The day has finally arrived. You take a moment to reflect on the path leading up to the next stage in life. Medical school, residency, starting a practice, saving toward retirement, putting the children through college, paying for a wedding or two. You have been hardworking, diligent, and disciplined in your planning and preparation.
You are ready to transition into a deserved and anticipated retirement, which includes traveling, working on the golf game, helping the grandchildren with college, and spending time with loved ones.
The date is October 2000, and the beginning of the tech bubble. During the dot.com bubble, the NASDAQ Composite lost 78% of its value.
The date is now late 2007, and the housing market crash saw the S&P 500 decline 57.8% between October 2007 and March 2009.
You have spent 40-plus years in a profession that has helped countless patients and has provided you with the financial means to live a comfortable retirement. Now, due to forces out of your control, your retirement dreams and aspirations are in question.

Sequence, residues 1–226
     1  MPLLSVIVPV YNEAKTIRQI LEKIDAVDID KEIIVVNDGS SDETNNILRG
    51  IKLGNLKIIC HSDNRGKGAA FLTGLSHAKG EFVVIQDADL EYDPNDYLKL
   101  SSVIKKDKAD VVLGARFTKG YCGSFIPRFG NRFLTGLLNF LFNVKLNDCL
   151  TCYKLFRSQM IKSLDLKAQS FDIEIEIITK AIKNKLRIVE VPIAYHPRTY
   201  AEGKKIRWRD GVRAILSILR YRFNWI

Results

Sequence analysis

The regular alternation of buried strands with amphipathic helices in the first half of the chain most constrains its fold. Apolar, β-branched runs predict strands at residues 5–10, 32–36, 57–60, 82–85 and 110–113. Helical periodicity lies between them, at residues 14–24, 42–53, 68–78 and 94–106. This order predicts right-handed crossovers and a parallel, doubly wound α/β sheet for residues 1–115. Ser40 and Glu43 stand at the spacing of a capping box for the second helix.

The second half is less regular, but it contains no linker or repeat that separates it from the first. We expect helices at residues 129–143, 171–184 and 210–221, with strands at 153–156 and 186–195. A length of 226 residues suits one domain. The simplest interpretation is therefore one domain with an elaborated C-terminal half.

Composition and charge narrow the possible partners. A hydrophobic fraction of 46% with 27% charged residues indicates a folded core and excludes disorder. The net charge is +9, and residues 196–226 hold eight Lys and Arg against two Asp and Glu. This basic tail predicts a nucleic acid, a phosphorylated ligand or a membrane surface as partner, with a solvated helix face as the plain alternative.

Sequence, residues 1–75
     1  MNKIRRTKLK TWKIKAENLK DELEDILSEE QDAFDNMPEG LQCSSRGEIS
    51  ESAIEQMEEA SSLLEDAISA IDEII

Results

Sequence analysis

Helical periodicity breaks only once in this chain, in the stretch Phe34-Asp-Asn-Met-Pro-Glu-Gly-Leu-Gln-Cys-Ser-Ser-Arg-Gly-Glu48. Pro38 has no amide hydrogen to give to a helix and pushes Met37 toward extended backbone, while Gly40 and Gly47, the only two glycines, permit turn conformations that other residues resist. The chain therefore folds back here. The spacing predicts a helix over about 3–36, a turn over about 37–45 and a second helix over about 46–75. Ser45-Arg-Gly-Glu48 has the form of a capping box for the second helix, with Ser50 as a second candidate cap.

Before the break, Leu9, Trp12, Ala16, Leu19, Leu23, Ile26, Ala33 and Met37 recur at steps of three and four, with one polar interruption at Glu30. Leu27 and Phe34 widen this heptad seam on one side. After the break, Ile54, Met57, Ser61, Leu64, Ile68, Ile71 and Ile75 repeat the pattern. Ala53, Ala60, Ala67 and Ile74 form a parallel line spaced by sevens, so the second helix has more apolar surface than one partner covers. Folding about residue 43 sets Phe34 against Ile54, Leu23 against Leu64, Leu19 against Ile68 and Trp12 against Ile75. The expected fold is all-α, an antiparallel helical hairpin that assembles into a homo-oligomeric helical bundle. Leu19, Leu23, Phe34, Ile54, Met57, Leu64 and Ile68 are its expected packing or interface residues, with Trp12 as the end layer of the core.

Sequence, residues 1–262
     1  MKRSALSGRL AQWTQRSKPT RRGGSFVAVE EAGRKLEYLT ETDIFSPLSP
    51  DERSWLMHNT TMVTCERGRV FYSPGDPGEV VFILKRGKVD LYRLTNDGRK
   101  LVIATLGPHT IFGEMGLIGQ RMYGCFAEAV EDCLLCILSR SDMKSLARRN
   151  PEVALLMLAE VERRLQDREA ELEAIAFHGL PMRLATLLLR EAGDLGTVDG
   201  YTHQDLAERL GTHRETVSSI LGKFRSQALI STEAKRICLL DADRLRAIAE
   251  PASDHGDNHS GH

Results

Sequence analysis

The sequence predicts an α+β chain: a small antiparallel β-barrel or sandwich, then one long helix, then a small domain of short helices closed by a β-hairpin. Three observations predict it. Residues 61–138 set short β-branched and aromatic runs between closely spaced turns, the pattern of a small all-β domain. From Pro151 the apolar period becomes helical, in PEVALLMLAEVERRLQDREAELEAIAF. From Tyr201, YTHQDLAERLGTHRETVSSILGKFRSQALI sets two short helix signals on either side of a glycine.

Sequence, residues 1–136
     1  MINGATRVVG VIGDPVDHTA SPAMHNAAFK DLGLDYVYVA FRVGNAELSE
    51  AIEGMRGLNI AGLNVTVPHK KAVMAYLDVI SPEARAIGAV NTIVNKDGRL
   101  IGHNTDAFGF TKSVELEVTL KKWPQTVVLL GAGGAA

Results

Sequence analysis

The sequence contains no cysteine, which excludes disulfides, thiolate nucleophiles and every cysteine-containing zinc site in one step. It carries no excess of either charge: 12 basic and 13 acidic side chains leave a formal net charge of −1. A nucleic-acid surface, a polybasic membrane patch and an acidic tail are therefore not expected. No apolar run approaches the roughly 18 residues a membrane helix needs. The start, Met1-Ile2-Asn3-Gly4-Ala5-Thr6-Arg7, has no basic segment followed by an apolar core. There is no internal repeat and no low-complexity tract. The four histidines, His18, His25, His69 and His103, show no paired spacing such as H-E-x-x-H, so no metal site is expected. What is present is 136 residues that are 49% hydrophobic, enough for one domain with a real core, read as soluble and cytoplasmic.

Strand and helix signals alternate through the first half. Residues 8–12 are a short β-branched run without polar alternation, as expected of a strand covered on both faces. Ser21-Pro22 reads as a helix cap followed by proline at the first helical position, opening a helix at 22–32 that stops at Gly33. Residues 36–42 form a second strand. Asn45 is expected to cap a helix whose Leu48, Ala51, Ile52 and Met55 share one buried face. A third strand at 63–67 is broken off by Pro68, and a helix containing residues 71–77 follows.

The timing of your retirement has the potential to dictate one’s retirement success as measured by the ability to sustain a desired quality of life without running out of money.
Do I have enough money?
A recurring question over the years has been: “Do I have enough assets to retire or will I run out of money some day?”
That is a simple question, but one that is complicated by the unknown – will you retire in the beginning of a bull market or a bear market? At what point in the financial cycle will you be forced to start drawing on your portfolio?
The sequence of returns, as it is referred to, can produce starkly different answers to these questions.
The good news is there are strategies that can mitigate those detrimental consequences of retiring at the wrong time. Here are six ways to protect yourself and your portfolio:
Step 1: Realistic budget
The most important step is to know how much money you will need in retirement. We recommend that before retiring, take the time to determine a realistic budget, and do not underestimate your expenses.
These expenses should be broken down into recurring essential expenses (e.g., food, utilities, mortgage, property taxes, etc.) and discretionary expenses (vacations, dining out, gifts, etc.). If the market declines for a year or two, you can use a predetermined formula to adjust discretionary expenses based on a percentage withdrawal of the portfolio balances.